Build Your Own Time Machine, then went on, as far as the author was concerned, to demolish my statement. (I'm afraid I've misplaced the URL, so can't link to it.)
The argument went something like this. What this book says (that time travel is possible) can't be true, because the past and the future don't exist. There's only the present. You can't travel to somewhere that doesn't exist. He was half right. We only experience one present ourselves, but it doesn't stop there being other versions of 'now' - that's the whole point of special relativity: we have to consider relative positions in spacetime, not just relative positions in space.
A simplistic counter to my critic's argument might be that we can see all sorts of other 'now's by looking up at the stars. We see the nearest star as it was something over four years ago, while telescopes let us peer billions of years into the past. But that wouldn't do the job. He could argue reasonably that we aren't seeing their 'now' but a record of their past, set in the aspic of the time it takes light to reach us. If there were inhabitants of a planet by one of those distant stars, they wouldn't be waiting for that light to get here - their 'now' would be moving on. Sort of.
So let's take a real, practical example of a device that has a different 'now' to us on the Earth that we can think about more realistically - a GPS satellite. When I talk about time travel to an audience I say how relatively (snigger) easy it is to travel forwards in time, but backwards is a whole different ballgame. What I really should say is that to travel usefully backwards is ridiculously difficult and quite possibly impractical. Because GPS satellites do travel backwards in time. (Before you get all excited about using one to win the lottery, this kind of backwards time travel wouldn't make that or time paradoxes possible.) And we know this, because the GPS system has to be corrected for it - if it weren't, your sat nav would go wrong by several kilometres a day.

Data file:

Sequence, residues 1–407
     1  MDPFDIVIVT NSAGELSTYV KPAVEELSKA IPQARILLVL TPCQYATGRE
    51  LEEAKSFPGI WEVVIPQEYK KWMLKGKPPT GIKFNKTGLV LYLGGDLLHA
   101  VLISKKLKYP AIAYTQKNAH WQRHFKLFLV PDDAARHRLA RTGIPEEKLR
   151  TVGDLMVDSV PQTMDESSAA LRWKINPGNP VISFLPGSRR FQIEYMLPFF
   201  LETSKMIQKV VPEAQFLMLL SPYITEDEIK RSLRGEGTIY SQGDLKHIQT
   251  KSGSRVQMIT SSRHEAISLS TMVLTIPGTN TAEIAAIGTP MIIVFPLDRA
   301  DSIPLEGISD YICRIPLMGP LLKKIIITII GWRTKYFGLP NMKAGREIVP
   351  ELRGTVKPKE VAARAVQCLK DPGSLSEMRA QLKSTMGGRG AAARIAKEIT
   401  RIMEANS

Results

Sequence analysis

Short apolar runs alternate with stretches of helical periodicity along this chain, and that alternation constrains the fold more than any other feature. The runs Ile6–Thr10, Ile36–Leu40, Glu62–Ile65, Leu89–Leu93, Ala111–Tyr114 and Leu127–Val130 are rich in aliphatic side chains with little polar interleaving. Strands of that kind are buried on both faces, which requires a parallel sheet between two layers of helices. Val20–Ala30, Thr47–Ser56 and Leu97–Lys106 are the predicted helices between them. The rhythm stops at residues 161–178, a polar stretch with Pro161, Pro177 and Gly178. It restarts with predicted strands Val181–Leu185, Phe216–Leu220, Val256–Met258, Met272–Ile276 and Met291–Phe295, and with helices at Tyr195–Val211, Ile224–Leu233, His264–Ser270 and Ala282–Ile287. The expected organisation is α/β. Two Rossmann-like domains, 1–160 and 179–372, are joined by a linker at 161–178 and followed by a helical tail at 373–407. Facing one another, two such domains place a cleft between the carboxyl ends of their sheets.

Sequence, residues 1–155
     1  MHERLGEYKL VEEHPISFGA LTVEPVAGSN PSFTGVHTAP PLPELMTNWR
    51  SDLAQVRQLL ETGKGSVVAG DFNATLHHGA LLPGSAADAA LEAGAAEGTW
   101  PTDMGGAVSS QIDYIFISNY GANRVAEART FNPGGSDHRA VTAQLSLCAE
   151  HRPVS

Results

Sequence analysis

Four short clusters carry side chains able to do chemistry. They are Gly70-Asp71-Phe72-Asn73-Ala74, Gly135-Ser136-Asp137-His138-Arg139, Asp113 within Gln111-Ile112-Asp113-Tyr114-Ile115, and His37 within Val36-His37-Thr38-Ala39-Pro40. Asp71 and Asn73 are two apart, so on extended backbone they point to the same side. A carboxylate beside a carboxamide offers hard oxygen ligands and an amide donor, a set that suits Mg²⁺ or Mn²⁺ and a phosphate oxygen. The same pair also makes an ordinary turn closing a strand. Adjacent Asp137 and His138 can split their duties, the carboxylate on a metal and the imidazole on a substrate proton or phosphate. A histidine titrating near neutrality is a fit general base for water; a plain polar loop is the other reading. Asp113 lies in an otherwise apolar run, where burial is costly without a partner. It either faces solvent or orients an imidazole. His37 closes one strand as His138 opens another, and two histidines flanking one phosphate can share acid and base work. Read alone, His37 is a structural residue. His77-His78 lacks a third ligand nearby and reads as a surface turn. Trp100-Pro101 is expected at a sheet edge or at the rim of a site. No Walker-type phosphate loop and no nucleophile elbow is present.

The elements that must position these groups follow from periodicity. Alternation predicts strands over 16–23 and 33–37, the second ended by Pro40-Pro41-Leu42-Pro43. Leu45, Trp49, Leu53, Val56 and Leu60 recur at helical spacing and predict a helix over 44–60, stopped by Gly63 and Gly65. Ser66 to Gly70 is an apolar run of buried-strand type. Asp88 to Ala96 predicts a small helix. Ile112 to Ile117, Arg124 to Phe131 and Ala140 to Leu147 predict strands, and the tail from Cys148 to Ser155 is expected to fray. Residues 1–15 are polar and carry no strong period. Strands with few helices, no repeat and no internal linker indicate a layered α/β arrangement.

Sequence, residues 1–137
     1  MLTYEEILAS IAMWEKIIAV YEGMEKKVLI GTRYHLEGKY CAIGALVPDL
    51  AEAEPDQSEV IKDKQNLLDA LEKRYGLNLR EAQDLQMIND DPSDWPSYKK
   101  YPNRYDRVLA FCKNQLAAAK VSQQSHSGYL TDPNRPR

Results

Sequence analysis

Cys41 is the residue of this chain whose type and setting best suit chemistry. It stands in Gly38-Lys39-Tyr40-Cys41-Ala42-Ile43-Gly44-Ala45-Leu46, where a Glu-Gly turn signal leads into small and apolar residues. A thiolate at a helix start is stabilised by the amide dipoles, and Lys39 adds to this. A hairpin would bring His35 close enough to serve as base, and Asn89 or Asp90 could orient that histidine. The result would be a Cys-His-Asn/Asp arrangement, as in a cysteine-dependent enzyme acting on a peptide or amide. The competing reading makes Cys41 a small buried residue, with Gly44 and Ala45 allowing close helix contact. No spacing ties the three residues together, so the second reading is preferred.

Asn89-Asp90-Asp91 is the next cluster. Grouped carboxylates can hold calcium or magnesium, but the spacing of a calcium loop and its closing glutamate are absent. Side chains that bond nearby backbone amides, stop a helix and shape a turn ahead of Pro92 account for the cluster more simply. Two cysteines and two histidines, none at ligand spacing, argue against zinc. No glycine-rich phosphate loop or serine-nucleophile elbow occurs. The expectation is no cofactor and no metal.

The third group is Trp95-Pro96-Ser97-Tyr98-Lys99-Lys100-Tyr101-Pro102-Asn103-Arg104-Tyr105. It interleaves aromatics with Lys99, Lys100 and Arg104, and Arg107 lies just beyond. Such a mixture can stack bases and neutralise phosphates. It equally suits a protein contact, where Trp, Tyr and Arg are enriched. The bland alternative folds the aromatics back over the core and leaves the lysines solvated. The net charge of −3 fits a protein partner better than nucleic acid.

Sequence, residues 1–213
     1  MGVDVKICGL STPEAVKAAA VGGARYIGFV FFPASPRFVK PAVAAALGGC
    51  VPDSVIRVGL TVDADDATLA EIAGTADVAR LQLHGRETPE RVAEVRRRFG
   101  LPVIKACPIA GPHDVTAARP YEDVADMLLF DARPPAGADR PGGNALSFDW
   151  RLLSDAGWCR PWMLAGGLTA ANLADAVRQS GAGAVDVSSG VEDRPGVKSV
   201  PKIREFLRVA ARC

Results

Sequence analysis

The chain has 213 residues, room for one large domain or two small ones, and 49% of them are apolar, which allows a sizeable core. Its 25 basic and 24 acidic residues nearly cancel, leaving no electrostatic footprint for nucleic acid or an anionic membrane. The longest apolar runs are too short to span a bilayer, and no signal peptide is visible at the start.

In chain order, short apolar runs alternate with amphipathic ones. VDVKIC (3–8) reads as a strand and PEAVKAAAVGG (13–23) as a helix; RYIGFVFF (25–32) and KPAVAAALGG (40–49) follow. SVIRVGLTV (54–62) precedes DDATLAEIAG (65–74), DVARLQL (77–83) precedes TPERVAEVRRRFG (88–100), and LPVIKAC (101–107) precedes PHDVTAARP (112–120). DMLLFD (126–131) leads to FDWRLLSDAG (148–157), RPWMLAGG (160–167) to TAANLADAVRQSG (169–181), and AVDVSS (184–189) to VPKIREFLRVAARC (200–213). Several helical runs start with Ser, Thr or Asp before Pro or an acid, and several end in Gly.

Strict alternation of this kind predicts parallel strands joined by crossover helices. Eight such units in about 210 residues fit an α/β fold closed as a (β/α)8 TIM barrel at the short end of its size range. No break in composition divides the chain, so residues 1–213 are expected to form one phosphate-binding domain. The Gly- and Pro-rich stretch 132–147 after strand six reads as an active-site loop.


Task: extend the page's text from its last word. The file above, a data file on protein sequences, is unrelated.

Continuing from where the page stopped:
There are two relativity effects on the satellite, which is essentially a very accurate clock, blasting out the time. Special relativity says that time on the satellite will run slow as seen from the Earth, because it is moving. General relativity, meanwhile, tells us that time will run quicker on the satellite than on Earth, because it is in a weaker gravitational field, and gravity slows time down. As it happens, general relativity wins and time on the satellites gets ahead of the Earth by about 0.000038 seconds a day.
Wait long enough, and time on the satellite would eventually be, say, a year ahead of time on Earth. Here's the part where my critic was right. Allowing for communications delay, both the Earth and the satellite would think there was only one 'now'. But the Earth would say that 'now' was 2014 (in some different numbering system, as it would be take many thousands of years for the satellite to get this far ahead) and the satellite would say it was 2015. And both would be right. If the satellite now came down to Earth, it would be travelling a year into the past. If you changed the scenario a bit, made the satellite big enough to have a city on and made the differential 100 years, the people of that city could have produced exciting new technologies in the time between 2014 and 2114. Whole new generations would be born. They would be visitors from the future when the they came down to Earth.
Wouldn't a satellite dweller know the next 100 years of Earth lottery results? No - because all she sees looking down is Earth in the past - those lotteries haven't happened yet. And what happened to the time paradoxes? To make them happen, you would have to travel from the Earth's 2114 to the Earth's 2014. But that hasn't happened. Imagine someone on the satellite was the grandson of someone on Earth, born in 2080 on the satellite. If they try the grandfather paradox and kill their grandfather back on Earth (who could be younger than they are), nothing would happen to the grandson. Because even though 2014 is 66 years before they were born, they had come from a different speed of time stream. There is no paradox.
So in a sense there is only one 'now'. But by moving to somewhere where time has run slower or quicker we can make that 'now' the future or the past. Mind boggling, it's true, but a lot more fun than the critic's insistence on a single present that is uniform across the universe.